This being said, it is worth noting that as we move towards the onset of the withdrawal season, the focus of investors begins to change. During the summer, traders care more about the underlying fundamentals, namely the supply/demand imbalance, itself driven by elements such as production, powerburn demand, imports, exports, etc--which, on the whole, are quite bearish as discussed above. During the winter, however, the focus shifts much more to the near-term temperature outlook due to the larger weather-driven swings in demand. Prices can still spike even in a bearish fundamental environment if the temperature set-up is favorable. With an overcrowded short trade (more on that below) and a significant year-over-year discount, I expect natural gas will be highly susceptible to these sudden spikes with even the hint of a late October or early November arctic outbreak in the near- or even long-term models. Such spikes will be wildcards, not supported by fundamentals and would require Mother Nature to led a considerable hand. At this time, I feel that natural gas could continue to see steady bleeding as short-sellers milk the trade for all its worth, resulting in prices drifting lower through early October thanks to the bearish fundamental picture. But, due to the large year-over-year decline, I feel that the magnitude of upside potential outweighs the magnitude of downside risk. It is for this reason that I have not abandoned my natural gas long trade and am maintaining a $2.60/MMBTU upside price target. I would not be an aggressive buyer here, but those already in the trade with a longer-term timeframe and the conviction to hold through near-term selling will likely be rewarded. For the trader looking to enter a new position, I feel that the best place right now is the sidelines. Should the commodity fall under $2.30/MMBTU, it would be reasonable to begin buying and should the commodity top $2.50/MMBTU, I would consider adding a short position.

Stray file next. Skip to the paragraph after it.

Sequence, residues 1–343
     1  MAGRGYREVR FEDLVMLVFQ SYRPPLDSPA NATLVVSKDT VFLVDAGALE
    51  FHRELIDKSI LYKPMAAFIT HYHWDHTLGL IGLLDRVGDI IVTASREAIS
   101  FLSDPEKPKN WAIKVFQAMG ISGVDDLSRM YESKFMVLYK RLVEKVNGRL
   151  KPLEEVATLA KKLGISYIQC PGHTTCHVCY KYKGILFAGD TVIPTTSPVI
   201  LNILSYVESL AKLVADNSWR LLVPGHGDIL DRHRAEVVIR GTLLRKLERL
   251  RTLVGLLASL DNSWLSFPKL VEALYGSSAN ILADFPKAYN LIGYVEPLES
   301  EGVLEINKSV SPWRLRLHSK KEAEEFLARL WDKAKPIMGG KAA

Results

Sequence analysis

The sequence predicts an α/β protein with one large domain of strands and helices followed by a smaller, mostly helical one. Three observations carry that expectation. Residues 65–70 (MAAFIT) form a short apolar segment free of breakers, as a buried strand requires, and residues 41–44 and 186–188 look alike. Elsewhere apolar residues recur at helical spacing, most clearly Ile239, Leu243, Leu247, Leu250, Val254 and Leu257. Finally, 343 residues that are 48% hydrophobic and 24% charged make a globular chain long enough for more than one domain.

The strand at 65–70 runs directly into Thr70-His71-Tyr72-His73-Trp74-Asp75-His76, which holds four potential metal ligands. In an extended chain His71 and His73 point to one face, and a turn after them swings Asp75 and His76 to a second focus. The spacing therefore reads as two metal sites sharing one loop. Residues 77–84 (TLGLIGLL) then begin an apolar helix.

Meanwhile, selling pressure continued in the crude oil sector as the commodity saw another weekly decline that effectively wiped out the surge in prices two weeks ago following the attacks in Saudi Arabia. WTI fell 50 cents or 0.9% on Friday to settle at $55.91/barrel, recovering some of its early-session losses when prices briefly dipped under $55/barrel. Brent fell 83 cents to $61.91/barrel. On the week, WTI finished with a 3.8% weekly loss while Brent was down a comparable 3.7%. The losses were multifactorial, driven by a combination of rising US inventories and the potential for a thawing of the long-standing Saudi-Houthi rebel conflict that could bring some stability to the Middle East geopolitical hotbed. On the other hand, Baker Hughes reports that oil E&Ps continue to curtail drilling. The company announced that the rig count fell by 6 last week to 713 rigs, a sixth straight drop and the lowest that the rig count has been since April 2017. Since the start of the year, the oil rig count is down a steep 172 rigs or -19%. Longer term, this is likely to limit further gains in domestic production, which already seems to be plateauing around 12.5 MMbbls/day. All told, I remain quite bullish on the oil sector despite the selling and feel that prices are steeply undervalued at current levels. According to my Fair Price Model, the commodity is trading at a 12% discount versus a Fair Price of $63.54/MMBTU. With a record-breaking October and November expected for exports, I expect inventories to continue falling through the end of the year, likely dropping to near 375 MMbbls by the end of 2019. As a result, my Fair Price rises to near $68/barrel by mid-winter, an undervaluation approaching 20%. Due to the apparent subsiding of tensions in the Middle East, I am revising my WTI upside price target to $65/barrel from $70/barrel, still more than 16% worth of upside. Compared to natural gas, I feel that WTI represents a much stronger long opportunity at this time.